Celebrating National Nutrition Month 2018, “Go Further With Food,” I rounded up 27 Dietitian-Approved Recipes Using Leftover Foods To Reduce Food Waste. This month is meant to bring awareness to people on how to live healthier lives. The theme, Go Further With Food, is meant to encourage people to take their food to the next level. Where we’re not only thinking about healthy food choices, but we’re also thinking about how to correctly reduce food waste, which will also lower your grocery bill. The below recipes use parts of foods we may throw away, such as vegetable tops, green “stems,” or ugly produce. Another way to reduce food waste is planning a menu and preparing meals in advance so you only buy what you need. This can save money, too.
Many of the below links don’t just contain incredible recipes, they also include posts on more examples of how to reduce food waste. Talk about tons of tasty education to go around. Enjoy the fabulous meals and continue to celebrate National Nutrition Month all year long.
(All photos were taken by the authors of the recipes).
Comfort Turkey or Chicken Soup for the Soul by Me (Family. Food. Fiesta.). This recipe uses bones from a rotisserie chicken or turkey and onion peels, garlic peels, celery and carrot tips, and many other vegetable parts that you generally compost or throw away.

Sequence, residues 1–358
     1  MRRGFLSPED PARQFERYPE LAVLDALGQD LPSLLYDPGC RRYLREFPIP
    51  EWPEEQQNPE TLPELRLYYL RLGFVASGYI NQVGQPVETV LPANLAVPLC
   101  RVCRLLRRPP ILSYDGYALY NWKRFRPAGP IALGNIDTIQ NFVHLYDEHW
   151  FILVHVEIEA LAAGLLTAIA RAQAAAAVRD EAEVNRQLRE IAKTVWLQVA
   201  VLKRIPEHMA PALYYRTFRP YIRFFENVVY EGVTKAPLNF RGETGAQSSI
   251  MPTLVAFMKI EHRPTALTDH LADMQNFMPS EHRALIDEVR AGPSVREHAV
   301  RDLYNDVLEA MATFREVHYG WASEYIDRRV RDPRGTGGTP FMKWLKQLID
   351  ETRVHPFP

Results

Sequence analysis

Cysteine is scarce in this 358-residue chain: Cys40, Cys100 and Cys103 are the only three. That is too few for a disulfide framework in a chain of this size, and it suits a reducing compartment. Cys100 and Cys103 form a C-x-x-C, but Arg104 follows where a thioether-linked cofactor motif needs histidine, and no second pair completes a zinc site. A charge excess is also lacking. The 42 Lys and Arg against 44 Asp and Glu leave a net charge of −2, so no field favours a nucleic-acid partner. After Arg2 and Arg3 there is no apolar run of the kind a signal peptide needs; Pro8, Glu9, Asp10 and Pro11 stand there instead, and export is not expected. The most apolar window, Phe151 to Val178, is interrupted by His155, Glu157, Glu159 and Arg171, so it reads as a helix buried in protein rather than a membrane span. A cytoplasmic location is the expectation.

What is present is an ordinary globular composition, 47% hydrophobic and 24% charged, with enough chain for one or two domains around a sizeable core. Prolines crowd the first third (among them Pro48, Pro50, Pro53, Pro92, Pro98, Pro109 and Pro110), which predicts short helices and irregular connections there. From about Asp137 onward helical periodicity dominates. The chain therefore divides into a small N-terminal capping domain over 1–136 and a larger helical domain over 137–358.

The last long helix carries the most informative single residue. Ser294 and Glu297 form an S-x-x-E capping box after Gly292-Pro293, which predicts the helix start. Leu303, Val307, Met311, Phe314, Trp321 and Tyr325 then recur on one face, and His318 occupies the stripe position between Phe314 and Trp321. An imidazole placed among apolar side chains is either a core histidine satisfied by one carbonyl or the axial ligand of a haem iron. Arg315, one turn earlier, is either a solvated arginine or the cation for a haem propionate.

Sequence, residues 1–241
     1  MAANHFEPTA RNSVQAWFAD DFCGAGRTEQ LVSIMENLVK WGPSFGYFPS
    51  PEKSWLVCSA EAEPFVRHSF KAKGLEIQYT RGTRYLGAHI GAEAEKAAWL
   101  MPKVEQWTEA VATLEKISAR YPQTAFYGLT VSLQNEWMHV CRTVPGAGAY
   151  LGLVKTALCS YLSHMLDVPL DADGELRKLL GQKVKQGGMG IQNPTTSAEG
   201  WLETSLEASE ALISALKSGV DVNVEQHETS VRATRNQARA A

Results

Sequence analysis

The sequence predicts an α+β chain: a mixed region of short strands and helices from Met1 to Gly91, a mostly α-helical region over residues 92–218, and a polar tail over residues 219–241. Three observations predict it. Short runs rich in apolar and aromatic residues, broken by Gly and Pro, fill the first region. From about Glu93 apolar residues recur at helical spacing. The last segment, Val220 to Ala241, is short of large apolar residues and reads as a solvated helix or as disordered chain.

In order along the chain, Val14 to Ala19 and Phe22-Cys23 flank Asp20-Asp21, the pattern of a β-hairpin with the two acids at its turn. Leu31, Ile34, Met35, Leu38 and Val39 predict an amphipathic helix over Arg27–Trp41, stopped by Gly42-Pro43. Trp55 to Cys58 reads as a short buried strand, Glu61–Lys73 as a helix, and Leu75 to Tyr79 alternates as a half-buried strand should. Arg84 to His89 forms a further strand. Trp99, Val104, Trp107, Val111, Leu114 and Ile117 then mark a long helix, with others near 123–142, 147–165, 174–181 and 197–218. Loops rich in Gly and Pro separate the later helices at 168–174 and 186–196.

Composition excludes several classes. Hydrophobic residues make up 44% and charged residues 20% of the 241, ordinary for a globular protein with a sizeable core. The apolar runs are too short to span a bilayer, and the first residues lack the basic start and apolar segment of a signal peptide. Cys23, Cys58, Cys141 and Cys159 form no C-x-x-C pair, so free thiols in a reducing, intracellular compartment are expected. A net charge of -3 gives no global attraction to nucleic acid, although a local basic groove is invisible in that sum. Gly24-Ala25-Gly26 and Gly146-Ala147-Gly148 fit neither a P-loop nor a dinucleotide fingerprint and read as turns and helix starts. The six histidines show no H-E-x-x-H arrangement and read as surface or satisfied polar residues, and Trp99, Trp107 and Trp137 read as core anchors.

Kitchen Scraps Vegetable Stock by Foods with Judes. Stocks are some of the easiest and best ways to use leftover vegetable scraps. Here is a simple and yummy recipe for a base stock to go in any soup or dish that needs a broth.
Kitchen Sink Minestrone by Mom’s Kitchen Handbook. “Turn Waste Into Soup,” shares Mom’s Kitchen Handbook. A variety of leftovers in your fridge can go into this scrumptious soup.
Whey-Too-Good Butternut Squash Soup by Crumb, Ink. This unique recipe uses leftover whey from strained yogurt in addition to the seeds found in the butternut squash that we usually throw away.
Kale, Lentil, and Beef Stew (Instant Pot, Slow Cooker, & Stove Top) by Beautiful Eats & Things. Use wilted kale and carrots for this recipe. Also include the kale stems in this hearty stew to use all the parts.
Quick & Easy Herb & Lemon Sauce by Me (Family. Food. Fiesta.). Instead of throwing out wilted herbs, puree them for a fast sauce including the stems. Use any herb of choice to make a different flavor. Put the sauce over a protein like chicken, fish, steak, or tofu.
Spiced Sage Pumpkin Sauce by Crumb, Ink. Use the entire pumpkin (including the seeds as a garnish) to make this sauce. It’s a great thickener for soups or a sauce for pastas.
Creative Recipes to Upcycle Juice Pulp: Waffles, Pancakes, and Carrot Cake by Wendy Jo. These recipes use the pulp from carrots, zucchinis, or fruits to make the delicious dishes. Pure tasty genius.
Pineapple Core & Spinach Smoothie by The Domestic Dietitian. Don’t trash that pineapple core. Use it in this incredible smoothie. It’s full of vitamins, minerals, nutrients, and antioxidants for health, wellness, and flavor.